This fall, the Nebraska football program will witness its saddest moment since the hiring of Bill Callahan.
The Cornhuskers have had a tradition of releasing red balloons — about 5,000 of them — into the sky following their first touchdown of the game. However, that seven-decade-old rite of passage will come to an end following the season opener against Southern Miss due to a worldwide helium shortage.
This obviously brings up a number of questions.
- If Nebraska wins a game by a score of, say, 9-6, are the balloons released upon victory?
- If the Cornhuskers go without scoring a touchdown and lose, do you keep your balloon until next week?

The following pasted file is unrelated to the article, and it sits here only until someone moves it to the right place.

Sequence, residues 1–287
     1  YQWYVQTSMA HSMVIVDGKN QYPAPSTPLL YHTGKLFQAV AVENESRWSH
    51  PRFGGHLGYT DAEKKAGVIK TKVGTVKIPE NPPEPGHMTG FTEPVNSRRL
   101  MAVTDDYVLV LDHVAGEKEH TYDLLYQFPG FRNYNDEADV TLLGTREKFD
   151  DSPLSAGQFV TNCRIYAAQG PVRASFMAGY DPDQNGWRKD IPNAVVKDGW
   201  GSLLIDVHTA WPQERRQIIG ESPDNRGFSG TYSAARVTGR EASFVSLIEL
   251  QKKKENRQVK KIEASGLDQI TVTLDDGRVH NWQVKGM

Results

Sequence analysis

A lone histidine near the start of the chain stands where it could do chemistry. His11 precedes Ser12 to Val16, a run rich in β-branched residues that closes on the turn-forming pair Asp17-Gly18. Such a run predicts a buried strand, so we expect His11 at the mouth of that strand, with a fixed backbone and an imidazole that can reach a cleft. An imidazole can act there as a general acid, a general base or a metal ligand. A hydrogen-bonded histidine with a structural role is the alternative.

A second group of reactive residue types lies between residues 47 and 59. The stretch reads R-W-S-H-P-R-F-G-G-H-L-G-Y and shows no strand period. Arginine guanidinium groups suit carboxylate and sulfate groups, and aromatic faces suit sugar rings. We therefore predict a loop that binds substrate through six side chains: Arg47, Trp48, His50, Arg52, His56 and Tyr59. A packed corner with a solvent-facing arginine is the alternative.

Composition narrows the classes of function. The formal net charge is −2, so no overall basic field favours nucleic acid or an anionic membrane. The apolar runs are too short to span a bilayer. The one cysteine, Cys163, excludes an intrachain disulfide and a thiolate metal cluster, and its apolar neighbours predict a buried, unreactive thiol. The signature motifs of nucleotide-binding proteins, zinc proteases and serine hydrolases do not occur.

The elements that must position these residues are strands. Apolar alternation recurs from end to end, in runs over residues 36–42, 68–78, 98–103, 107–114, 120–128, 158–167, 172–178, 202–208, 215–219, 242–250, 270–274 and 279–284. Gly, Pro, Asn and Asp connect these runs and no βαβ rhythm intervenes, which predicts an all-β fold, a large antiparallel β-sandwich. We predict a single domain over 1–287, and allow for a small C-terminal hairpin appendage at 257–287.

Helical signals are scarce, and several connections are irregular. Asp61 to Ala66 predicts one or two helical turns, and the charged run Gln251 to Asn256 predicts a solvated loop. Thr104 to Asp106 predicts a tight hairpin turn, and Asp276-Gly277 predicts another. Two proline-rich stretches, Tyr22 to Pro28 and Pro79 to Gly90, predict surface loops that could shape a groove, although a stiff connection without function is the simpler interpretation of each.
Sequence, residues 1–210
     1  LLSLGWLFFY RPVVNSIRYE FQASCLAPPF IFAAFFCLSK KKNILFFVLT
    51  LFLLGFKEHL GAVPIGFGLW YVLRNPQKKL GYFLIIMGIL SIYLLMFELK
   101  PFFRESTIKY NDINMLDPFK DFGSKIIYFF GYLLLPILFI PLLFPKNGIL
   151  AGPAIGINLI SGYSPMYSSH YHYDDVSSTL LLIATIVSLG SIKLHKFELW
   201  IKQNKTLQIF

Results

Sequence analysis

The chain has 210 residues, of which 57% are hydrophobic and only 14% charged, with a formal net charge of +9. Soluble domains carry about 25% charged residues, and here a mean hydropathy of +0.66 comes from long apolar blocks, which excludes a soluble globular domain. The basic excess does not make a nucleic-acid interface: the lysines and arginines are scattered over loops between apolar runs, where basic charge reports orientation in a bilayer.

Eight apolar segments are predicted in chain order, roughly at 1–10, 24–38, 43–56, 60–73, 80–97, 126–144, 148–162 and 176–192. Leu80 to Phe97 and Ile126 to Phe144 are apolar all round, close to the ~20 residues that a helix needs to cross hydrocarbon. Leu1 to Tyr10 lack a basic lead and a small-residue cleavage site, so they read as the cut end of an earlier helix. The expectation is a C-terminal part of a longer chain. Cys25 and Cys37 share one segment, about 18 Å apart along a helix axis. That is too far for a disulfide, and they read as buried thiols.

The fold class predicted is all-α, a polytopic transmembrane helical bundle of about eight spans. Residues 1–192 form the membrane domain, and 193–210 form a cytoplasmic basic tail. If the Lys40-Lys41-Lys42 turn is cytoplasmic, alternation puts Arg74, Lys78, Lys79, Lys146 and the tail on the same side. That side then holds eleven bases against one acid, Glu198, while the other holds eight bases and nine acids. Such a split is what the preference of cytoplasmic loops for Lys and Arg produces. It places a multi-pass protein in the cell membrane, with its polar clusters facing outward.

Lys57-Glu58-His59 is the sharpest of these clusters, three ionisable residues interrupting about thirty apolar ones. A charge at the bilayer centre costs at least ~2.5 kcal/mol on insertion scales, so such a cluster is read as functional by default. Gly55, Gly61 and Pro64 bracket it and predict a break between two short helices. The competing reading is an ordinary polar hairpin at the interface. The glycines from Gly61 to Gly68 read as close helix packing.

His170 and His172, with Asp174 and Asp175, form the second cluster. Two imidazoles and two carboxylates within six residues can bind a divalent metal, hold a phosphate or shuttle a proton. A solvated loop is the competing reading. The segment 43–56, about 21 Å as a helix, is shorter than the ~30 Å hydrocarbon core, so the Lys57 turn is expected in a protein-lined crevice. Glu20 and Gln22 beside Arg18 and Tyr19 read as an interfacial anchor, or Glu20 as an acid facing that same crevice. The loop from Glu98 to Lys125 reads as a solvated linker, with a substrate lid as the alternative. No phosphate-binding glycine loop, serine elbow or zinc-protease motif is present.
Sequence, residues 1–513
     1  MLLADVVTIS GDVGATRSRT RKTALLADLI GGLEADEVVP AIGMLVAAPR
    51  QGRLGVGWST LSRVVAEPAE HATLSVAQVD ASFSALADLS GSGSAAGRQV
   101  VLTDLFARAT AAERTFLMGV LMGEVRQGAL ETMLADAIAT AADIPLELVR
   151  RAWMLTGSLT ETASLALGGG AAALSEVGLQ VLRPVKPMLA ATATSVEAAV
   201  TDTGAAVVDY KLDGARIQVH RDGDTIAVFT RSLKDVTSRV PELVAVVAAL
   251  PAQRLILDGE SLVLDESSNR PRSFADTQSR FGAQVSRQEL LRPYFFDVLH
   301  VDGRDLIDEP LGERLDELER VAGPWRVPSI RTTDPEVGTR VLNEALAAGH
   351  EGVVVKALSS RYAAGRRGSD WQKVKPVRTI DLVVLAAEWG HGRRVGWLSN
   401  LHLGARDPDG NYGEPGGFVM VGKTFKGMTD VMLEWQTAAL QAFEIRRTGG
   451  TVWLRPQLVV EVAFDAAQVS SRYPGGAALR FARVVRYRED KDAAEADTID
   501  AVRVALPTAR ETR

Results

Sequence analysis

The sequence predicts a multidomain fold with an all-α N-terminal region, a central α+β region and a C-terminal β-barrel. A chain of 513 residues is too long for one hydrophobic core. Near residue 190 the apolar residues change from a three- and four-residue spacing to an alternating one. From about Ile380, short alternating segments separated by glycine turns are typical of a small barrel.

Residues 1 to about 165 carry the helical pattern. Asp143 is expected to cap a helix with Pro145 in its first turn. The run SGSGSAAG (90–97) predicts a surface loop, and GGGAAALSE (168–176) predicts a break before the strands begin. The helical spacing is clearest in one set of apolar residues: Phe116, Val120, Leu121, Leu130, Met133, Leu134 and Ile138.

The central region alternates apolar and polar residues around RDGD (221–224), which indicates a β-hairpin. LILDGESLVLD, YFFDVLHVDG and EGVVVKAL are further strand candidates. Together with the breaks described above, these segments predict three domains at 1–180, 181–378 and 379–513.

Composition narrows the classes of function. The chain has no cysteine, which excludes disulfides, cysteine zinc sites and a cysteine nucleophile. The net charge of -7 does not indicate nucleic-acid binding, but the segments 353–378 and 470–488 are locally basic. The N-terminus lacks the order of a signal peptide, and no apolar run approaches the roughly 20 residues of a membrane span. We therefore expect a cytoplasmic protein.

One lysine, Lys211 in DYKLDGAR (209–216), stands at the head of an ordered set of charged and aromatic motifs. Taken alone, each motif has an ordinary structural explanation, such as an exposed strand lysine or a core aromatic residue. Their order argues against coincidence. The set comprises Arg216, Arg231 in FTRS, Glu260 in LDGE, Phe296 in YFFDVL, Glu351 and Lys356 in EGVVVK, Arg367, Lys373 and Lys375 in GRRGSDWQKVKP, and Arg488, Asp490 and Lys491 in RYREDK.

-If the first touchdown is scored with the Huskers already down like 30-0, how hollow does it feel?
-Has a balloon release ever been overturned by replay?
- WE HAVE A HELIUM SHORTAGE? HOW THE HELL…
I can at least answer the last question, thanks to the Lincoln Journal-Star, which I can also thank for even having this subject to write about in the first place.
According to them, “Hospitals use liquid helium to cool MRI magnets, chemistry labs need it for experiments, the construction industry uses it in welding and it is used to find leaks in air conditioning coils and pipelines.”
The article also states that there is a shortage due to maintenance in overseas plants and a drop in natural gas prices that has affected production. Who knew?
Nebraska has taken the position that releasing so many balloons during a helium shortage is frivolous, which is the position that I assume they have also taken on inhaling it so you can have a funny, high-pitched voice.
Personally, I feel they can make it through the season if they just rationed out the balloons better. After all, there is precedent for releasing only 99 red balloons.